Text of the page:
Add the beef broth, mushroom soaking liquid, carrot, snow peas, lemongrass, sambal olek, tamari, ground coriander, and black pepper. Bring to a boil. Reduce heat to medium-low and simmer for 5 minutes. Add the chopped bok choy and simmer 10 more minutes or until the vegetables are tender. Turn off the heat and stir in the sesame oil.
Serve soup in bowls over cooked rice noodles. Sprinkle with fresh cilantro.
I have been getting some beautiful eggplants in my Pinckney’s Produce CSA box the past couple of weeks. I love making Thai curries and eggplant is one of my favorite curry ingredients. Using canned Thai curry paste and canned coconut milk, this eggplant curry couldn’t be easier.
I keep a variety of Thai curry pastes and canned coconut milk in the pantry for quick meals. The Maesri curry pastes are so amazing and functional. There are many different flavors available. My favorites are the red curry, green curry, prik khing, and masaman varieties. You can find Maesri curry pastes at Asian markets. I have even seen them on amazon.com at triple the price (or more) than what they sell for at Asian markets. If you have never been in an Asian market, you should go. They are fascinating places with all kinds of ingredients you have never seen before at really good prices. I have left Asian markets with 6 bags of groceries that cost me less than $40. Many of the ingredients in this recipe are easily found at an Asian market, but may be harder to find at the grocery store. So, use this recipe as an excuse to explore an Asian market.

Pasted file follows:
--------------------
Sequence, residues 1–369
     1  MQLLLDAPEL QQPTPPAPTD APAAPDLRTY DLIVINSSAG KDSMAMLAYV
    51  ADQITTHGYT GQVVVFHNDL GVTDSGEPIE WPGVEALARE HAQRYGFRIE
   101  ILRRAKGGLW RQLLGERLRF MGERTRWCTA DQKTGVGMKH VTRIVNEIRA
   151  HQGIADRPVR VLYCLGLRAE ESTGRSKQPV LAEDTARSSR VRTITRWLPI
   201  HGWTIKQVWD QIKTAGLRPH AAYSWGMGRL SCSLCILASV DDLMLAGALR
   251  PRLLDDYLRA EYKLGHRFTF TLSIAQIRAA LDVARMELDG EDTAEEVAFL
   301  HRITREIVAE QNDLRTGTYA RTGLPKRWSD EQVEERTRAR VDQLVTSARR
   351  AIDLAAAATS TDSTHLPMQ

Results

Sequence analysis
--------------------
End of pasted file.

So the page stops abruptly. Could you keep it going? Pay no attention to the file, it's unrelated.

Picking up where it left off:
Here is a picture of the Maesri green curry paste:
My favorite coconut milk is Chaokoh brand. Here’s a picture:
Thai Green Curry with Eggplant
.1 tablespoon coconut oil (or vegetable oil)
.1 4 ounce can Maesri green curry (This amount will make a very hot curry. You may want to start with 1/4 or 1/2 of the can and then add more if you like. It’s easier to add heat than take it away.)
.1 13.5 ounce can of coconut milk (shake the can before opening)
.1 large Italian eggplant (or 2 smaller ones), ends removed and cut into bite-size chunks (you can use any kind of eggplant, really)
.1 green or red bell pepper, seeded and sliced
.1 8 ounce can of bamboo shoots (sliced), rinsed and drained (you can also use fresh slice bamboo shoots that can be found in the produce section at Asian markets)
.1 tablespoon brown sugar (white sugar or coconut palm sugar is fine too) or to taste